• ||

    One of the oilfield services companies, Weatherford, "redomesticated" from Houston to Switzerland. Supposedly that was more for geographic, market-serving reasons, but they are now considered a Swiss company. Their history would probably answer your qustion.

  • General Ist||

    "A case can be made that there's a reason to encourage more manufacturing [insert whatever: service, logistics, yoga, porn, ....] in the United States because of its links to innovation."

  • ||

    "Our earnings from exporting architectural plans for a building in Shanghai are as real as those from exporting cars to Canada," Romer wrote.

    Yes, but do engineers and architects deliver votes to the Demagogue Party the way the UAW does?

  • General Ist||

    "Our earnings from exporting architectural plans for a building in Shanghai are as real as those from exporting cars to Canada," Romer wrote.

    Yes, but much, much smaller.

  • GM||

    I remember how much our earnings were when we exported cars to... pretty much everywhere.

  • ||

    actually, until they were bailed out GM and Chrysler where losing money on every car exported to Canada ... so no, for years one architectural plan sale to Shanghi made more profit than either of those companies ...

  • ||

    I manufacture outrage for export.

  • ||

    That's a pretty saturated market.

  • Santorum||

    Saturated?Not in the middle east my simple minded friend,If elected I can engineer a minimum 300% increase in that market.

  • Incredulous||

    More proof that Obama only spouts BS.

    It's now obvious that Obama's "corporate tax reform" resembles his so-called "health care reform."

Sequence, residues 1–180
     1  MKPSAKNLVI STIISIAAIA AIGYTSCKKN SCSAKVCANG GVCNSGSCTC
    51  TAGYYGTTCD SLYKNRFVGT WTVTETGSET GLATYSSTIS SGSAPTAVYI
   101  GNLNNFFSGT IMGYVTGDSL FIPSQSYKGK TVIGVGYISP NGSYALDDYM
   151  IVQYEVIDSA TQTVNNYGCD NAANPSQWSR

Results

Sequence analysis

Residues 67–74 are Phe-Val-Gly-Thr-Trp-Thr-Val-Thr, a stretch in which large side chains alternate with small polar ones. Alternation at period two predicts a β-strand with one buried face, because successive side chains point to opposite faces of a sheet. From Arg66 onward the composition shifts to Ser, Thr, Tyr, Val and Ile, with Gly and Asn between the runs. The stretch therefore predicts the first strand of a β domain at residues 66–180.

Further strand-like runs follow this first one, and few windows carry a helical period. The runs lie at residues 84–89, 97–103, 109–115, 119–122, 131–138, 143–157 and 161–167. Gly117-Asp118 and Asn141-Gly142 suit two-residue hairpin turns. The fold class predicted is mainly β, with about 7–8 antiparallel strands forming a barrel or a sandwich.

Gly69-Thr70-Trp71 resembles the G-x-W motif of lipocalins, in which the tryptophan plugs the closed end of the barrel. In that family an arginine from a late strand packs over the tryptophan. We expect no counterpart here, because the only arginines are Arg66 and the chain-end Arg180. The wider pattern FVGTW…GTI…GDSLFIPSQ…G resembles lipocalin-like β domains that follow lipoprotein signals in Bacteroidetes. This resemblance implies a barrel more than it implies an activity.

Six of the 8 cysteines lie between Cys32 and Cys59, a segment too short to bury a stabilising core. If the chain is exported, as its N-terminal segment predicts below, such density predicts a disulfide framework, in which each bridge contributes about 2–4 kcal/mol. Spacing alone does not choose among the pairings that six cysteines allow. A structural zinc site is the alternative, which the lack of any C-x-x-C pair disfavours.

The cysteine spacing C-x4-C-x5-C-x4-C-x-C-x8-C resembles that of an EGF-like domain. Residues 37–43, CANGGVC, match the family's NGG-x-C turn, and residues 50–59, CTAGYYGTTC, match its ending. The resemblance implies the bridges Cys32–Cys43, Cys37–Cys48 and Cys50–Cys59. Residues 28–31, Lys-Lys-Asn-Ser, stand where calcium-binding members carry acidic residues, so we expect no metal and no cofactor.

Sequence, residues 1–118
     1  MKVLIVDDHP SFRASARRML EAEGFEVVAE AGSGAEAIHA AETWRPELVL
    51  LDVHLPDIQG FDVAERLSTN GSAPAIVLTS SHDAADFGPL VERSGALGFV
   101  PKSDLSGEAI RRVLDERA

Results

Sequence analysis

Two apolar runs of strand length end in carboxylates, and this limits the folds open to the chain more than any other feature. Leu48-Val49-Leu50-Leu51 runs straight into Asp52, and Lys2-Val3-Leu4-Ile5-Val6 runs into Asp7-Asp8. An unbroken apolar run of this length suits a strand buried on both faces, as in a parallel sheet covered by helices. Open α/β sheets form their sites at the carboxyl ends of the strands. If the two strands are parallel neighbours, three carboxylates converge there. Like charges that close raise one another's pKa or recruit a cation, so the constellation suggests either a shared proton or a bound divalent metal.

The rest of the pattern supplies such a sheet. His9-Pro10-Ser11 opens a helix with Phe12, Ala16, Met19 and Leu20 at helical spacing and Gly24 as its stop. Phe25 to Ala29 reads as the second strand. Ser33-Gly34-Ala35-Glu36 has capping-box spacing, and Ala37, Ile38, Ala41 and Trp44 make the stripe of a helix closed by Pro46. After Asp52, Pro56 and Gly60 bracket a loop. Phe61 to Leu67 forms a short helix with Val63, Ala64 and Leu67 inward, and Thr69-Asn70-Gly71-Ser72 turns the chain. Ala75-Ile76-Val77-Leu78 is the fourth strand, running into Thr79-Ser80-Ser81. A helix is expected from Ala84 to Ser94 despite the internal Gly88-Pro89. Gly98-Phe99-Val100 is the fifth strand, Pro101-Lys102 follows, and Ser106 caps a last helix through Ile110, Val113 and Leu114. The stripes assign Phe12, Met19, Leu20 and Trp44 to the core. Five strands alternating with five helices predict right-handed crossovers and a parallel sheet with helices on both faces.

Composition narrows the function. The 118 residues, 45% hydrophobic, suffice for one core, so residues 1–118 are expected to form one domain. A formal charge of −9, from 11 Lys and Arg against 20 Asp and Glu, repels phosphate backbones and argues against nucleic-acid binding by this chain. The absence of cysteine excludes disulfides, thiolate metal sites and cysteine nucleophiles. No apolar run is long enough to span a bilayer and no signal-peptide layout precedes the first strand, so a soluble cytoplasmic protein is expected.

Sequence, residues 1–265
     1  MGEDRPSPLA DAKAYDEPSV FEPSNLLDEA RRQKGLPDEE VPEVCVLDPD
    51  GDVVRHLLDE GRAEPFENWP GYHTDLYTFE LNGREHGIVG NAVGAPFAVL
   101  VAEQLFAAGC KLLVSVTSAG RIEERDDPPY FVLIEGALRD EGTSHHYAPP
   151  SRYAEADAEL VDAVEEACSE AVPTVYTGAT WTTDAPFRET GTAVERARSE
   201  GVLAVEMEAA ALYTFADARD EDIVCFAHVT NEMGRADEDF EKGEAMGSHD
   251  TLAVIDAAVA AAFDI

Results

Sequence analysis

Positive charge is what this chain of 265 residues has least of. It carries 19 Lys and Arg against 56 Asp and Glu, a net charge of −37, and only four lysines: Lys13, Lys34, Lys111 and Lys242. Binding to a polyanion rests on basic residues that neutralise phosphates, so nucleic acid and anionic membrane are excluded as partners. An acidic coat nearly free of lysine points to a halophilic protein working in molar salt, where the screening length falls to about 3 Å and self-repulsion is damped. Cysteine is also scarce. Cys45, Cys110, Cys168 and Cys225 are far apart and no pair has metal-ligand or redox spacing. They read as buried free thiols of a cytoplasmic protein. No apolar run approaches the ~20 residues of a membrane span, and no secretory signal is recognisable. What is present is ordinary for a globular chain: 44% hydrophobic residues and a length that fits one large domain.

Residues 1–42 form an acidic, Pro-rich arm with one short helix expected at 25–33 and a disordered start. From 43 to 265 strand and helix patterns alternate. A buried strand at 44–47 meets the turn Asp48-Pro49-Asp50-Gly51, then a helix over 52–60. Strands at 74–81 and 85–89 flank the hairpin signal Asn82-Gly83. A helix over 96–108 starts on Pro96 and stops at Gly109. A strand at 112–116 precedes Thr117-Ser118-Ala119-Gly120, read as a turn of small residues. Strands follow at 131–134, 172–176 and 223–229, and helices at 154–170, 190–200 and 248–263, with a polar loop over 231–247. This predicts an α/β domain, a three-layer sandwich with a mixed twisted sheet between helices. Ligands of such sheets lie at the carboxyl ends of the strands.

Why does anyone even listen to anything this pathological liar says?

  • Cool College Kid||

    Because he's cool and it isn't his fault!!11

  • ||

    We are!

  • Michael||

    I dig the thinking pose.

  • Colonel_Angus||

    "The White House argues that tax breaks for manufacturers could ultimately pay off for the economy. When factories expand, for example, the benefits tend to spill into other businesses: Shipping companies and warehouses must add jobs, too, to transport and store the goods that manufacturers are producing."

    Then the same "pay off" would happen if the same proposed rate for manufacturing were applied to all businesses, and those services would be cheaper for the manufacturers to use.

  • ||

    It's bad enough that they believe they can run the economy with their central planning schemes. What makes it worse is that their central plan is utterly incoherent.

  • Michael||

    What makes it worse is that their central plan is utterly incoherent.

    Understand that to them typical central planner the means is the end. Coherence? Who cares?

  • ||

    Did they argue that these spillovers are exclusive to manufacturing?